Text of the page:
Over the past few decades many different techniques have been used to derive constitutive relations and model overall fabric behavior for use in ballistic impact applications. Different models include various effect and phenomena associated with ballistic impact of fabrics; however there is no single comprehensive model that reproduces and represents all phenomena at the same time. However, many simplistic models have been found to yield results that are realistic [4-6].

    The impact and perforation of fabric are functions of a number of parameters including the material properties of the yarns, the fabric structure, the projectile geometry and velocity, the interaction of multiple plies, the far-field boundary conditions and the friction between the yarns themselves and between yarns and the projectile. Before going

    into the discussion of the influence of each of these factors a general description of the physical phenomena of fibers impact deformation will be described next.

    The tensile strain ( ), is determined by the fiber tensile elastic modulus (E), density ( ), and the impact velocity ( ). It is presented by:


    2 2


    Numerous experimental and theoretical works have been

    2 (1 )



    conducted to understand the transverse impact behavior of single yarn and single fabric layer, during the past several decades. Roylance [7], Smith et al. [8], and Morrison [9] studied the response of yarns to high speed impact, while

    The transverse wave propagates away from the impact point at a relatively lower speed and its wave velocity (u) in (m/s) is given by:

    Briscoe and Motamedi [10], Smith et al. [11] and Wilde et al.

    [12] studied the response of single fabrics layer. An investigation on the transverse impact behavior of a single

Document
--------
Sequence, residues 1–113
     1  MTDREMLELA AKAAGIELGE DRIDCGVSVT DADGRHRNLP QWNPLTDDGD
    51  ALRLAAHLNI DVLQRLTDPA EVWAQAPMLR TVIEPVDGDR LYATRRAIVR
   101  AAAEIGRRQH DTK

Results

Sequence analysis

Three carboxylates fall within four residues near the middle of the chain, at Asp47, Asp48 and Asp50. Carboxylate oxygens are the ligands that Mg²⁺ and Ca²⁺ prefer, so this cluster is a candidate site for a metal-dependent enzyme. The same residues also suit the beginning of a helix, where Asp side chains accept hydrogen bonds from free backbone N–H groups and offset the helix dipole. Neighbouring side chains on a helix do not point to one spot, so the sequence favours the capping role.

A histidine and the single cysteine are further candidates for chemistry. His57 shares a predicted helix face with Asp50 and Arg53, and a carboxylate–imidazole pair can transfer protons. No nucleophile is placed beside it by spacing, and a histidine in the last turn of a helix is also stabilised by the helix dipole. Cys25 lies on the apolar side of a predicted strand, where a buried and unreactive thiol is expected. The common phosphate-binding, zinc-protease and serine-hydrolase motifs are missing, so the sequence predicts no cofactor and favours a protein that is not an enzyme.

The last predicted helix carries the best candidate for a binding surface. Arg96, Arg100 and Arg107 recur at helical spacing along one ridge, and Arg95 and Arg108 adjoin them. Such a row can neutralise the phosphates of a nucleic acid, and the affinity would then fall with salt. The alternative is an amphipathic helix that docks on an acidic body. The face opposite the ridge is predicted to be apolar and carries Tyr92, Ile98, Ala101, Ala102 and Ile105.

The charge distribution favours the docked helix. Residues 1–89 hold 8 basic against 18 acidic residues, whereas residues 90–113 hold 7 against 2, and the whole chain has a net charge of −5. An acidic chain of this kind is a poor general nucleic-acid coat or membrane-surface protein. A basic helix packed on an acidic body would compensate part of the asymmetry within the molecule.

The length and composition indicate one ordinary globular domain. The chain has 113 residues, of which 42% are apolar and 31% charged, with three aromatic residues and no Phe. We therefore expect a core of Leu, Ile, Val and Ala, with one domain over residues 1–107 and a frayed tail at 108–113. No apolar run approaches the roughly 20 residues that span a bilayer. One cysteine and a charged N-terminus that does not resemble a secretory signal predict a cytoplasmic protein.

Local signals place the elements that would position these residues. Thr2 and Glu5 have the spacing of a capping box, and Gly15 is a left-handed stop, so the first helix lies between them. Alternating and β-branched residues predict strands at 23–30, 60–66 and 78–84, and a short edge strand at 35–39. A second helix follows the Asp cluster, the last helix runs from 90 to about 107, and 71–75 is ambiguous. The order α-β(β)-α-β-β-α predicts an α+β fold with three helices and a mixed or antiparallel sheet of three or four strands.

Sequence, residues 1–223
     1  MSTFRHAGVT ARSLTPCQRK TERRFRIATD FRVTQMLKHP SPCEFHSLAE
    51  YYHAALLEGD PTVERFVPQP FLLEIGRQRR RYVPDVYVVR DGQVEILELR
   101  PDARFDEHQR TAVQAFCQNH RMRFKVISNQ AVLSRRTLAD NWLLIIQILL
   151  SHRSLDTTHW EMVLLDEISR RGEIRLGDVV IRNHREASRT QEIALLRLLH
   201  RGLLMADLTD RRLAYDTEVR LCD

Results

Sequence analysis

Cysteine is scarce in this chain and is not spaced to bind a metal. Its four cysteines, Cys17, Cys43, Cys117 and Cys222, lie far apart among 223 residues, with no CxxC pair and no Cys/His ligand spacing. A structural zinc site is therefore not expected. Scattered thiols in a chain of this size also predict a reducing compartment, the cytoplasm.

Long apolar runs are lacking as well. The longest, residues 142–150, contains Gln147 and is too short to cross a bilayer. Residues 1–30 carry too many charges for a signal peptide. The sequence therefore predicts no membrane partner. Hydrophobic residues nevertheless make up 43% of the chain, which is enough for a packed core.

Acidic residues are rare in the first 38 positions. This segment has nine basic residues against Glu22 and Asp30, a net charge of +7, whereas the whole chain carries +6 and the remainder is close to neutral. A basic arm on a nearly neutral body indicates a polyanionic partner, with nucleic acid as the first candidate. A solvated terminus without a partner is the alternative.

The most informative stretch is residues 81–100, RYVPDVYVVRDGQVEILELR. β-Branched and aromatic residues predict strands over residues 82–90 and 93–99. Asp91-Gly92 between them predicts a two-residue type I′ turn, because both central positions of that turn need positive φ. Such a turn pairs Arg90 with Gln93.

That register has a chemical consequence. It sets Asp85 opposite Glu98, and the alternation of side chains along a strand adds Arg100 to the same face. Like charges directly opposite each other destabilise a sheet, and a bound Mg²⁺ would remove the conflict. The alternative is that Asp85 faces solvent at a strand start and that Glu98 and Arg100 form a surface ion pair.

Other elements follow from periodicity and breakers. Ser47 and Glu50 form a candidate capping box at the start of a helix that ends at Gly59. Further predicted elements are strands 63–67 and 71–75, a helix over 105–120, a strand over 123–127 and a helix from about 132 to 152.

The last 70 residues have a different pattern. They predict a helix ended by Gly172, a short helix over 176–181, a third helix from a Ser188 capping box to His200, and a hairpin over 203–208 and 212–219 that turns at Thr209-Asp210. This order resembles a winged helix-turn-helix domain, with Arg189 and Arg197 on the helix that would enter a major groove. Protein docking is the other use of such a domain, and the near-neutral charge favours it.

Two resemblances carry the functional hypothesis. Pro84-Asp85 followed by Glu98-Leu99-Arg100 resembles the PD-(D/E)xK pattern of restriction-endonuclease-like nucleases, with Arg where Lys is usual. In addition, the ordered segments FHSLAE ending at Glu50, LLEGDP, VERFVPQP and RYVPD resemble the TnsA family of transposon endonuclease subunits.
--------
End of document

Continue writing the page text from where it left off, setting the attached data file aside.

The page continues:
u w



    fiber makes a good starting point into description of the impact behavior of fabrics. When a single yarn is struck transversely by a projectile, two waves, longitudinal and transverse, propagate from the point of impact. The longitudinal tensile wave travels along the fiber axis at the sound speed of the material. As the tensile wave propagates away from the impact point the material behind the wave front flows toward the impact point, which has deflected in the direction of motion of the impacting projectile, Fig.1. This transverse movement of the fiber is the transverse wave, which is propagated at a velocity lower than that of the sound velocity of the material.

    Fig. 1 shows a projectile transversely impacting a single straight fiber. The longitudinal wave velocity, w (m/s), is given by Smith et al. [13]:

    The strain of the fiber does not change ahead of the transverse wave front but the motion of the fiber shows a rapid change. Ahead of the transverse wave front but behind the longitudinal wave front, fiber moves longitudinally toward the impact point. Behind the transverse wave front, fiber material moves transversely in the impact direction.


    The response of a single layer of fabric shows similarities with a single fiber response. Cuniff [14] notes that when a projectile impacts the fabric, it produce analogues transverse deflection of the yarns that are directly hit by the projectile (defined as primary yarns) and generates longitudinal strain waves that propagate at the sound speed of the material along

    the axis of the yarns. Additionally, orthogonal yarns (defined


    w E


    as secondary yarns; those are the yarns that intersect the primary yarns) are then pulled out of the initial fabric plane by the primary yarns. These orthogonal yarns undergo a deformation and develop a strain wave like those observed in

    E= tensile module of the fiber in Pa,

    = density of the fiber in kg/m3.

    The strain of the fiber is zero ahead of the longitudinal wave front, and a constant tensile strain is developed behind of the wave front.

    the primary yarns. Similarly, these orthogonal yarns then drive yarns with which they intersect. These yarn-to-yarn interactions, which are function of the friction between them, produce bowing and subsequent misalignment of the orthogonal yarns toward the impact point. The transverse deflection proceeds until the strain at the impact point reaches a breaking strain.